Well, this is where I think the Raptors organization deserves a lot of credit. They have made the proposition of a Toronto/Heat match-up more palatable in a number of ways.
THEY MADE IT US VERSUS THEM.
They leveraged Canada's compulsive underdog/forgotten stepbrother/passive-aggressive-Ned-Flanders complex and turned into in a polished, hash-tag-friendly, nationalistic sound bite. The fast-tracking of the We The North campaign (which I believe was slated to be rolled-out next year) was a smart play to insure that Raptor fans had a unified message that a) we would spam the shit out and b) they could track and promote to media outlets.
You can't sell Lebron vs. Demar. But you can sell Lebron verus a very loud, pissed-off country. They fed the Canadian fans a story they could get behind, and the US Media a story they could sell.
THEY PUT THE LEAGUE/MEDIA ON NOTICE.
Truer words never been spoken. Zarar may think it made us look immature and amateurish, but in retrospect it makes Masai — and Tim, who was standing right there smirking — look like goddamn geniuses.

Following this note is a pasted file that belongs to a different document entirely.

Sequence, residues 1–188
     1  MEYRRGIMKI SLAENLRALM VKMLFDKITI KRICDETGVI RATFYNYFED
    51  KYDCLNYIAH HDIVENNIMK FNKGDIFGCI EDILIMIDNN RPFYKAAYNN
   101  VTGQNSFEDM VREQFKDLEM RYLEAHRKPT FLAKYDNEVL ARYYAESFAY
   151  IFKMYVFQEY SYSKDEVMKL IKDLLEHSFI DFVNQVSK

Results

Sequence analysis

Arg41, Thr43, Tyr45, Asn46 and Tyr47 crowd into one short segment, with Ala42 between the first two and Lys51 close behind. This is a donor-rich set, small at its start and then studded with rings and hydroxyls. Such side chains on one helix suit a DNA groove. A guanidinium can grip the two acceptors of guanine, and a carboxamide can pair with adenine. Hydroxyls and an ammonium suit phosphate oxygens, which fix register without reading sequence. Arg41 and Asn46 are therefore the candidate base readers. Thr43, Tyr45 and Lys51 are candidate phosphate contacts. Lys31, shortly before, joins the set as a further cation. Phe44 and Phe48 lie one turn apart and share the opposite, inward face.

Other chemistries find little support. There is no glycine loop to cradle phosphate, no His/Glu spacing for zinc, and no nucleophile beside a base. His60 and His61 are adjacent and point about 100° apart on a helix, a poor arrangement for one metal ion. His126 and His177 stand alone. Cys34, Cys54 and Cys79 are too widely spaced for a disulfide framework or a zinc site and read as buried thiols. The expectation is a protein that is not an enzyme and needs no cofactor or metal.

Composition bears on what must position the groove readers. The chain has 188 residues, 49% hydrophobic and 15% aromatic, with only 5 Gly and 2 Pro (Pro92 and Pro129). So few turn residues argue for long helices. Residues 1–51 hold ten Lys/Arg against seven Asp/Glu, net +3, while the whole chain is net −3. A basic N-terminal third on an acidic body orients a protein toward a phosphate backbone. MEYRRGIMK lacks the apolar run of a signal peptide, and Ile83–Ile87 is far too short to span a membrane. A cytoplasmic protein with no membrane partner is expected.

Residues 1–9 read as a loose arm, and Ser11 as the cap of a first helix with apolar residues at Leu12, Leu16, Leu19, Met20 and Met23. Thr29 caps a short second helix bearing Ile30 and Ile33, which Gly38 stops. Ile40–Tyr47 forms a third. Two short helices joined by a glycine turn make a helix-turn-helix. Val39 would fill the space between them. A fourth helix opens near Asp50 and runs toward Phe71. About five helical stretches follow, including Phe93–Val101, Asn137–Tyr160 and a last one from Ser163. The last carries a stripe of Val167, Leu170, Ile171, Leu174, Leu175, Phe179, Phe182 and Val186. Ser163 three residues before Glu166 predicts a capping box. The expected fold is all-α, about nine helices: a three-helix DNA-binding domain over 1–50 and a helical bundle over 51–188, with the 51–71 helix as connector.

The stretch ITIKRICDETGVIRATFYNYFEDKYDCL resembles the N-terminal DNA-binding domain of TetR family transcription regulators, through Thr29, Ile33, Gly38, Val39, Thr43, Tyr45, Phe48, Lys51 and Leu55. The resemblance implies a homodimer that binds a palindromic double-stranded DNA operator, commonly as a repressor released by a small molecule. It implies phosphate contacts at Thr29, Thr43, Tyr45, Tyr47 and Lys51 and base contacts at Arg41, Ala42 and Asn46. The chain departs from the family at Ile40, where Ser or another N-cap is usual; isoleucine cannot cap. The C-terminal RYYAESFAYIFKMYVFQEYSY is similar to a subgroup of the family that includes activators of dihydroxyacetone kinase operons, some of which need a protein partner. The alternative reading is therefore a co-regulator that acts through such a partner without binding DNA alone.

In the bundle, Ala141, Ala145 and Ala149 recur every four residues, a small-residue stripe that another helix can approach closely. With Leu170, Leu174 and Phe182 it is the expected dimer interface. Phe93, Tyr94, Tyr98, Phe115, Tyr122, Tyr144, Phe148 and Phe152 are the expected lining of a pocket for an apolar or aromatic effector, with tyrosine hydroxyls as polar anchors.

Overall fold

With two words, Masai managed to turn a ho-hum first round series into a national news story covered by every major US and Canadian media outlet. It doesn't matter how great the Toronto fans are or how big the market potential is if the media is too busy not giving two shits to pay attention. He threw down the gauntlet, not just to the Nets, but to the all the North America news outlets. Ignore this series at your own risk. The fans here have been waiting 6 years for this. Shit is going to be bananas.
He got eyeballs on a playoff series that most media outlets were prepared to treat as an afterthought.
Amatuerish. Pffft. You're the amateur, thinks Masai.
SPEAKING OF FANS …
You fucking showed up. The Raptors probably don't deserve all the credit — the fans are doing the heavy lifting — but they managed to turn the Toronto fanbase into a news story in it's own right.
Thank you giant outdoor screen. Thank you BMO cam. Thank you Tim and Sid. I don't know if they're spiking the beer or giving away t-shirts or what but whatever additional crack the Raptors are dealing to whip the fans into a perpetual frenzy, it's working.
And when NBA/ABC/TNT/ESPN compares the highlight-worthy crowd at the Air Canada Center to the empty lower-bowl seats at the Barclay Center, I'm sure they're questioning their preconceptions. They're re-evaluating which series is actually going to be more compelling, dramatic and tv-friendly during the second round.
You remember how when they announced the Drake partnership, we were all like, "That guy?"